Little Milton

Little Milton Campbell has never been content to stand still. Following Milton’s musical odyssey from his 1953 recordings for Sam Phillips’s Sun label in Memphis, through East St. Louis and Chicago, and back to Memphis (where he signed with Stax in 1971), it is evident that Milton has strived to keep his blues fresh and contemporary. In doing so he has given this dying art form a necessary transfusion to help keep it alive and healthy in the Seventies.

Born in Inverness, Mississippi, on September 7, 1934, and raised in Greenville, Milton was tagged “Little” because his dad was known as “Big” Milton. Taking up guitar when he was 12, Little Milton left home three years later to play with the Eddie Cusic, Sonny Boy Williamson (Rice Miller), and Willie Love bands.

Milton was brought to the attention of Sun, the label that discovered Elvis Presley a year later, by Ike Turner, who was quite a talent scout during his pre-Tina days. “Ike has always been the business man,” Milton told Living Blues magazine. “He always wanted to get into a little more than being an artist or musician. He was always coming up with deals with companies and meeting people that none of the rest of us really got to know too much about. He was like the brain thing.”

Milton’s first record, “Somebody Told Me,” was a primitive variation on B.B. King’s “Woke Up This Morning.” Subsequent releases for Meteor and the East St. Louis, Illinois-based Bobbin label displayed more sophistication, although Milton remained under B.B.’s spell. Moderate sales of the Bobbin sides, especially “I’m a Lonely Man,” brought Milton to the attention of Chicago’s Leonard Chess, who signed him to the Checker label in 1961. Three years later, Milton had his first national smash, a cover version of Bobby Bland’s “Blind Man.”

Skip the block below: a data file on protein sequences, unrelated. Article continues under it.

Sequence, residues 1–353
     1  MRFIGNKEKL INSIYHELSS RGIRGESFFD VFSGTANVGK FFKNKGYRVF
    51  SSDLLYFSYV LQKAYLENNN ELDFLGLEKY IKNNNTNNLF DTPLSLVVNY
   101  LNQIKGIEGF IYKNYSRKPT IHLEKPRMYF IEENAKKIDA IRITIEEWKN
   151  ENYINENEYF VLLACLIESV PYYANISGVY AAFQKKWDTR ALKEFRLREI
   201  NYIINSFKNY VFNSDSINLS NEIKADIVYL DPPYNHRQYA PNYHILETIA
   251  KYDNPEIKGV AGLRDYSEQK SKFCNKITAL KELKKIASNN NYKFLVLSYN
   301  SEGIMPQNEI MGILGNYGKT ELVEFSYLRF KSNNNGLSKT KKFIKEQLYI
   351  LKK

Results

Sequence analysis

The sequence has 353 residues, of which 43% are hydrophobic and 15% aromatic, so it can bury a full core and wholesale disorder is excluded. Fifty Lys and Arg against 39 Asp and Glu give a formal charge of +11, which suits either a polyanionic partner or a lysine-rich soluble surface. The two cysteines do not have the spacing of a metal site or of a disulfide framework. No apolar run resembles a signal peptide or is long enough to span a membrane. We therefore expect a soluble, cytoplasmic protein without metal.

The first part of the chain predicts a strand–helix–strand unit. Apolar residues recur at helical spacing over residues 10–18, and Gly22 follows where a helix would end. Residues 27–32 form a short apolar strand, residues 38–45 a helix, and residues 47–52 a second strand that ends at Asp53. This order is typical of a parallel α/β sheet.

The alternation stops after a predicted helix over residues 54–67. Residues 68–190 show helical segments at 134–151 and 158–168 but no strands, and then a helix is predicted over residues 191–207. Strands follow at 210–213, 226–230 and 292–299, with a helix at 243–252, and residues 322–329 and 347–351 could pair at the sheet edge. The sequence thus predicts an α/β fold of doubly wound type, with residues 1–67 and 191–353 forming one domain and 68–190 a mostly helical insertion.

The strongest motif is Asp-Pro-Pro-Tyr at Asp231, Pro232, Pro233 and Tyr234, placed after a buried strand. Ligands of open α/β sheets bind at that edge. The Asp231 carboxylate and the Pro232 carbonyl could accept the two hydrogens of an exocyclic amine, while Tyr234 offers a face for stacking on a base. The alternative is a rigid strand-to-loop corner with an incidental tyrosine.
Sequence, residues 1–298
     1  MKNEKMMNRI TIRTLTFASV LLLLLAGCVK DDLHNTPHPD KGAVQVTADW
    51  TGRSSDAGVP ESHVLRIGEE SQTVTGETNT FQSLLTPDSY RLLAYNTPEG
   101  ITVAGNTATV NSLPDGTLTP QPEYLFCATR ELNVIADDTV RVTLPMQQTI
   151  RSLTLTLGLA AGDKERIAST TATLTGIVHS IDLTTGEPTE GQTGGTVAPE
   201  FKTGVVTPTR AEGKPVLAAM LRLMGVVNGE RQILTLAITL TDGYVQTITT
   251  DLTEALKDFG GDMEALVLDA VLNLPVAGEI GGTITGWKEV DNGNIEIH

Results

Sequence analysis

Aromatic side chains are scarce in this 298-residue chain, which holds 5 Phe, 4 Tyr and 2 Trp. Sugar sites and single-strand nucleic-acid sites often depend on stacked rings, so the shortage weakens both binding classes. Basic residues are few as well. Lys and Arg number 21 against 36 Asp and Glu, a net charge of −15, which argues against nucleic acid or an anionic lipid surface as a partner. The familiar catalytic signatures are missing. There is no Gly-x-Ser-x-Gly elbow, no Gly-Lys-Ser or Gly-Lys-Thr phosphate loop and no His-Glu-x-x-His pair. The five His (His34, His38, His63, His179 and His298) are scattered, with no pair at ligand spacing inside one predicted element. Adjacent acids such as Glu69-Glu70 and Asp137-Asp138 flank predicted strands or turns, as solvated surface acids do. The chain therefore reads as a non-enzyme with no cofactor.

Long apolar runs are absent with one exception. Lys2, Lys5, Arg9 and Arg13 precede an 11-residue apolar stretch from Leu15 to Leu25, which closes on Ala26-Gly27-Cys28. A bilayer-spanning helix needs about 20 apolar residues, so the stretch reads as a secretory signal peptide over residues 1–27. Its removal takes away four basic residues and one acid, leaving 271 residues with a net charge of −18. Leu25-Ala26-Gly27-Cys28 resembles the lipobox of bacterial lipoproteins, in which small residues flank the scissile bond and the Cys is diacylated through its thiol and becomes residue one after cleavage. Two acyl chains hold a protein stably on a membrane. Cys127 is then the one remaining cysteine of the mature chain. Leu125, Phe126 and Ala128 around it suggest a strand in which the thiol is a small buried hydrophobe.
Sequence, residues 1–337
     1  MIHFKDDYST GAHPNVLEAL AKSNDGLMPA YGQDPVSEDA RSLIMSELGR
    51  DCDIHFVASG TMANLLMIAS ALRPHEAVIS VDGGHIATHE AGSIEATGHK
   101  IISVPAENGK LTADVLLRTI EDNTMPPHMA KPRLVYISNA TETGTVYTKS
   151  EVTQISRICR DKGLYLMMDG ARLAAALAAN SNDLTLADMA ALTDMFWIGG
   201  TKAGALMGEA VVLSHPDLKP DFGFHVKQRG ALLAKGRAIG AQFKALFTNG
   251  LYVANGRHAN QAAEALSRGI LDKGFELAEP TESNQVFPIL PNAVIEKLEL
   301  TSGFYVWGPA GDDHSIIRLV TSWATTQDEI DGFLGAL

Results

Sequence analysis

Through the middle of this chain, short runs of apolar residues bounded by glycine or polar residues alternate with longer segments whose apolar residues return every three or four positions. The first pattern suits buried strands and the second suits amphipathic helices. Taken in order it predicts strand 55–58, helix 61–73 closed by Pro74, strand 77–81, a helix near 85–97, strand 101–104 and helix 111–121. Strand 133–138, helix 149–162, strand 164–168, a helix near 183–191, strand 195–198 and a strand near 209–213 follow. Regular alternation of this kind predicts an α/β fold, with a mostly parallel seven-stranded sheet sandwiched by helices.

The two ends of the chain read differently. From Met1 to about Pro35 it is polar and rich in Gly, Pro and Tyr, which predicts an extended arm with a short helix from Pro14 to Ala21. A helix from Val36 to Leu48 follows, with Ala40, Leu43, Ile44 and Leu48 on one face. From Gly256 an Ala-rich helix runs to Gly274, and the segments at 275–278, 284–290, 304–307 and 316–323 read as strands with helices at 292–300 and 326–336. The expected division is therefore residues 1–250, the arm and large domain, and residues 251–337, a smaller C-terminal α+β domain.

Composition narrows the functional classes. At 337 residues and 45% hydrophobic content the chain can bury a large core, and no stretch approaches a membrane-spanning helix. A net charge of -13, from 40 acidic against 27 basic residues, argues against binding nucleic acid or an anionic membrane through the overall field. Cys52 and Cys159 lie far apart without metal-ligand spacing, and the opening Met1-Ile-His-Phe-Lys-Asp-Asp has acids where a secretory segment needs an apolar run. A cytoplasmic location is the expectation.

“It wasn’t my goal to go out to get Bobby Bland. My goal was to try to look out for Little Milton,” he told Living Blues. “I heard the tune-they recorded it first-and I liked it. And it didn’t do anything for them. They had it on an album. I thought it could be a smash, so I did it…. I did put a little more guts into it and slowed it down some-gave it a little more meaningful beat.”

“Blind Man” gave Little Milton a national reputation, although there was talk in some quarters that he was merely a Bland imitator. Two monster hits the next year-“We’re Gonna Make It” (a title which seemed to capture the black mood of the time) and “Who’s Cheating Who”-put the gossip to rest. Milton, along with producer Billy Davis, had come up with an original fusion of blues and soul that has been the Little Milton trademark ever since, although he could still reach back in the alley, as he did in 1967 with his hit version of Lightnin’ Hopkins’s “Feel So Bad” from the classic Little Milton Sings Big Blues Checker album.

Returning to Memphis to sign with Stax in 1971, Milton began featuring his guitar more prominently than he had on his later Checker sides. Several successful singles followed, including “That’s What Love Will Make You Do”and the haunting “Walking the Back Streets and Crying,” which he performed atop a tenement roof in the motion picture Wattstax. Stax allowed Milton complete artistic control over his two albums for the label-Waiting for Little Milton and Blues ’n Soul. Both are masterpieces of modern blues, richly orchestrated by James Mitchell and showcasing Milton as a mature vocalist of great emotional depth.

Little Milton died on August 4, 2005.